Originally Published in Salon
Julián Aguilar - January 26, 2021
Biden also signed executive orders rolling back additional Trump-era immigration policies
Immigrants and activists protest to demand that the Department of Homeland Security extend Temporary Protected Status (TPS) for more than 195,000 Salvadorans, January 8, 2018 in Washington, DC. (Getty/Andrew Caballero Reynolds)
This article originally appeared on The Texas Tribune.
The Department of Homeland Security announced two significant immigration policy changes late Wednesday that include a 100-day pause on deportations for some undocumented immigrants. The department also announced that asylum seekers who attempt to enter the United States will no longer be part of a controversial policy enacted under former President Donald Trump that has forced tens of thousands to wait in Mexico for American court hearings.
The deportation moratorium and changes to the Migrant Protection Protocols, also known as "remain in Mexico," come on President Joe Biden's first day in office. He also signed executive orders rolling back additional Trump-era immigration policies.
The pause in deportations, which begins Friday, is part of a review and reset of enforcement policies within Customs and Border Protection, Immigration and Customs Enforcement, and the U.S. Citizenship and Immigration Services agencies as the Biden administration "develops its final priorities," according to a DHS statement.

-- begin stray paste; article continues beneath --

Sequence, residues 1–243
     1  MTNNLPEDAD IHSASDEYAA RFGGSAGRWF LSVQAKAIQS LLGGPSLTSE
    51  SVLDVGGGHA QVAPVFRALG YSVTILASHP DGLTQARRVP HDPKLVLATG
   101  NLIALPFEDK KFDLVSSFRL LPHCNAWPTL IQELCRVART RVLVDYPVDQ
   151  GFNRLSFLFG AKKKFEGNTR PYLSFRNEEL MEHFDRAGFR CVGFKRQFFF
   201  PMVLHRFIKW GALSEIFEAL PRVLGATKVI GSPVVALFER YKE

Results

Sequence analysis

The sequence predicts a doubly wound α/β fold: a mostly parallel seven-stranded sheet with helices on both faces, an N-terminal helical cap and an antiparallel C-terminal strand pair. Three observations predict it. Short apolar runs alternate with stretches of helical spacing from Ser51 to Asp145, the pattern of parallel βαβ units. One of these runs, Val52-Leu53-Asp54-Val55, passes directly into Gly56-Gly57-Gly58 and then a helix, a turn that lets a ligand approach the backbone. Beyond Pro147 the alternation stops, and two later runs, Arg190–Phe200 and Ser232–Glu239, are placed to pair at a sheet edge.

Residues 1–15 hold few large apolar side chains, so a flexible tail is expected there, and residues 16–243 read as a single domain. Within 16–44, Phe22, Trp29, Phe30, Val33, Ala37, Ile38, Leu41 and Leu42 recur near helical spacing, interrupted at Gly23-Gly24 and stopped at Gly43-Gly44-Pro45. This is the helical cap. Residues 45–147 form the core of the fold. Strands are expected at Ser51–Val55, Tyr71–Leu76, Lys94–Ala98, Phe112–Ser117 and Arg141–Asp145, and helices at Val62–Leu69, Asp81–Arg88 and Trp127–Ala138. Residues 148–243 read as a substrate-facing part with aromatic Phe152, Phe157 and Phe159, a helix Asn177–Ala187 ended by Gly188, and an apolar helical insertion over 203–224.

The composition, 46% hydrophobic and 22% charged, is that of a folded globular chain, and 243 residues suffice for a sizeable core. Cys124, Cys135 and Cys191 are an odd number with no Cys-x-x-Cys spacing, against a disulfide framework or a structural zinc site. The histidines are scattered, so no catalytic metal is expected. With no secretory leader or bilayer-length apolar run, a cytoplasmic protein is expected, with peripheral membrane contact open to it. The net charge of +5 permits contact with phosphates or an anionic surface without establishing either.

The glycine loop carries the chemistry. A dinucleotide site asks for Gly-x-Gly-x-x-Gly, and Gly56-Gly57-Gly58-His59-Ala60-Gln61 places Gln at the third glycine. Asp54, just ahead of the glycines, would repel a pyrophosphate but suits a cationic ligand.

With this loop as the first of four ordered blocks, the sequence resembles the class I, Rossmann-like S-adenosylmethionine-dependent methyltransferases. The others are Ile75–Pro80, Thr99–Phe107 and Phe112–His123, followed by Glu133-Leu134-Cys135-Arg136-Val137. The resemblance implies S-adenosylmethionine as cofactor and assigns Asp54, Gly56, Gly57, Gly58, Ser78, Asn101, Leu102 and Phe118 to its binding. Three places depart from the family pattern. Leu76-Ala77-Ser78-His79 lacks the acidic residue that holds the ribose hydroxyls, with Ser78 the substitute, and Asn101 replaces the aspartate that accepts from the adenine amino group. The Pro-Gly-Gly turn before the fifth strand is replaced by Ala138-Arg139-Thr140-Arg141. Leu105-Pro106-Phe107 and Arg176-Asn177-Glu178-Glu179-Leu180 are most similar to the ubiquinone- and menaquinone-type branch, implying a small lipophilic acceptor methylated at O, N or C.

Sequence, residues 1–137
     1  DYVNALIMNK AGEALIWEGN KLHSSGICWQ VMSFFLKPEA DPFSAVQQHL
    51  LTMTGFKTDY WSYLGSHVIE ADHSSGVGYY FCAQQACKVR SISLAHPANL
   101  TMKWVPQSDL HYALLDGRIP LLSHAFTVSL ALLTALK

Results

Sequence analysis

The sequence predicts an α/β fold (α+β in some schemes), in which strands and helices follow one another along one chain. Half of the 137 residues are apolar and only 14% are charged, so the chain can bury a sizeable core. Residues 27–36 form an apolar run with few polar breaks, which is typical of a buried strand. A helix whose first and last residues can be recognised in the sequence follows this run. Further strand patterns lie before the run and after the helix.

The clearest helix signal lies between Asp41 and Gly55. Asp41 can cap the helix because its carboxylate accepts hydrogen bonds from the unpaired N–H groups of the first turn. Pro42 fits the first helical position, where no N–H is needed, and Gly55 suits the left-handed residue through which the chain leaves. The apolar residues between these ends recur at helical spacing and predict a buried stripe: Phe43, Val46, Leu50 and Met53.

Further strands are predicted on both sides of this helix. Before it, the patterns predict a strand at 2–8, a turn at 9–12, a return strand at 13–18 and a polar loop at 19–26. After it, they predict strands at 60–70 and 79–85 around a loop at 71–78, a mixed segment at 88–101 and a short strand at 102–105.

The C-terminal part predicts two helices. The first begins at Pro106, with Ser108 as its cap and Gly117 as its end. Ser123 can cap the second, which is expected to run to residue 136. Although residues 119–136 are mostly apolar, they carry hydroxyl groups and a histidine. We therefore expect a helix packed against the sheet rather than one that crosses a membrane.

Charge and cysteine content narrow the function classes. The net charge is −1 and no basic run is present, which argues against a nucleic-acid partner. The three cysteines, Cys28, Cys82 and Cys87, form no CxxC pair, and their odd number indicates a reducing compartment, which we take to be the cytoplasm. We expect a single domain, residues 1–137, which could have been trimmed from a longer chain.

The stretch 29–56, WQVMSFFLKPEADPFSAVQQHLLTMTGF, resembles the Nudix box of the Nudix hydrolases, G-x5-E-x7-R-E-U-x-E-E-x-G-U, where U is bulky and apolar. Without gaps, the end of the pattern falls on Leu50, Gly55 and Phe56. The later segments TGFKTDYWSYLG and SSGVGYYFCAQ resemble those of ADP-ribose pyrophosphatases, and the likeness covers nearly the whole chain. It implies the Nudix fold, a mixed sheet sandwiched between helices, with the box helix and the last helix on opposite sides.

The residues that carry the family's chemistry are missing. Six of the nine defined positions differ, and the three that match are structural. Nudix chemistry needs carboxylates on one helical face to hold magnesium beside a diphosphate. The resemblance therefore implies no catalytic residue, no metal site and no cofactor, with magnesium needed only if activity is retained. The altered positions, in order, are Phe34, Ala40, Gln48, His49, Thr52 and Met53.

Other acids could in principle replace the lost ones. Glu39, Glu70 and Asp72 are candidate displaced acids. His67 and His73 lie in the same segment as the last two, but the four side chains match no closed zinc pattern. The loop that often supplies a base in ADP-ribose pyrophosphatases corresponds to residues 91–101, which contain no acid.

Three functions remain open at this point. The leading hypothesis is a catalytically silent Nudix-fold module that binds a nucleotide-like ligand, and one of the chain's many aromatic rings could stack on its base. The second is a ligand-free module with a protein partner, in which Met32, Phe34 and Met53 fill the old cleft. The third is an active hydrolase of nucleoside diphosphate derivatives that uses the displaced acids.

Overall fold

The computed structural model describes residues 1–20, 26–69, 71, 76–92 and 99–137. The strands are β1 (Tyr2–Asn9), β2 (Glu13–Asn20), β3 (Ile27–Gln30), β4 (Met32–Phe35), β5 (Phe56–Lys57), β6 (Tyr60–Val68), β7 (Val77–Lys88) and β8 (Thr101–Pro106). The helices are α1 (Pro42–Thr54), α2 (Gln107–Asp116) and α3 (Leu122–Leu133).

The moratorium applies to "certain noncitizens ordered deported to ensure we have a fair and effective immigration enforcement system focused on protecting national security, border security, and public safety" according to the DHS. That category excludes any immigrant who is "suspected of terrorism or espionage, or otherwise poses a danger to the national security of the United States," those who entered after Nov. 1 and those who have voluntarily waived any rights to remain in the country, according to a DHS memo.
Beginning Thursday, "the department will cease adding individuals into the [Migrant Protection Protocols] program," according to a separate DHS statement. But the department added that border restrictions due to the COVID-19 pandemic are still in place. Those restrictions have allowed for the immediate expulsion of most unauthorized crossers back to Mexico. DHS said in its statement that more information about people in MPP will be forthcoming and asked the asylum seekers to stay in Mexico for now.